Get Your Retirement House in Order

Start by addressing the money issue, especially if you’re a pre-retiree with angst about your financial future.

If you need some motivation to start saving – and to know that you’re not alone in possibly getting a late start – see a study, “Retirement Readiness: Canadians 50+” (, released earlier this year.

Admittedly, the stats are a bit discouraging.

For example, compared to their standard of living today, 40% of pre-retirees over the age of 50 believe they will be worse off in retirement.

It’s not surprising, given that 22% of pre-retirees in that age group haven’t started to save for retirement and (38%) have no idea of how much money they’ll need to save to help fund their retirement. Some – 18% — are relying on rising real estate values to save the day and will have to postpone retirement if real estate takes a dive.

Running out of money in retirement is a common fear (42% worry about it) and it’s felt more acutely by women (47%) than by men (37%).

If you’re looking for advice and education, Get Smarter About Money ( is a good place to start. The site, founded by the Ontario Securities Commission, provides unbiased and independent financial tools to help you better understand finances and make smart decisions.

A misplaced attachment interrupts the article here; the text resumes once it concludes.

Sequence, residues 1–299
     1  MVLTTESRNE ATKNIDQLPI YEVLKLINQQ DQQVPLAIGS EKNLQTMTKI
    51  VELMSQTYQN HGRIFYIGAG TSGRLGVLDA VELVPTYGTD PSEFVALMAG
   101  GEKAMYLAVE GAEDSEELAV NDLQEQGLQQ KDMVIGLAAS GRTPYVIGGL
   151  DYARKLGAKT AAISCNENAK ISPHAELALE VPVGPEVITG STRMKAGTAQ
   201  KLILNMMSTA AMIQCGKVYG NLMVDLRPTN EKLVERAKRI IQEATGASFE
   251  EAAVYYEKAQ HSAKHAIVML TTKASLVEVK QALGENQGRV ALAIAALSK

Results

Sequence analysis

Hacks for Seniors

When you’re scanning the house with an eye to aging in place, you look at the big things like lighting, mobility, bathroom safety, and fall hazards.

But many small things – not being able to function day-to-day – also can send people to assisted living or nursing care.

That’s where hacks come in – those simple, low-tech solutions using common household items — to deal with seemingly minor daily inconveniences and troubles that seniors face.

Here are 6 creative hacks to try:

  1. Sugru ( Slippery doorknobs can be difficult to operate if you have hand and wrist problems. Wrap Sugru (the product feels like Play-Doh and sticks to glass, wood, metal, and plastic and becomes a durable silicone rubber after 24 hours) around a door knob to create more grip.
  2. Rope lights: Place rope lights under cabinets in bathrooms and kitchens to light the way and make it safer to get around at night.
  3. Sponge hair rollers: If you have arthritis, slide sponge hair rollers or cylindrical foam around hard-to-grip items like utensils and toothbrushes.
  4. Frozen sponge: Put a soaked kitchen sponge into a Ziploc bag and then into the freezer. It turns into an icepack that won’t leak as it thaws. It’s also reusable.
  5. Pizza cutter: Use a pizza roller to cut up lettuce for a salad.
  6. String: Use pieces of string or a key ring to create zipper pulls that are easier to reach and operate. ( Sugru works well too.


 Kittens Helping Seniors

And here’s a sweet story ( that involves seniors getting a sense of purpose by caring for needy kittens.

What’s not to love?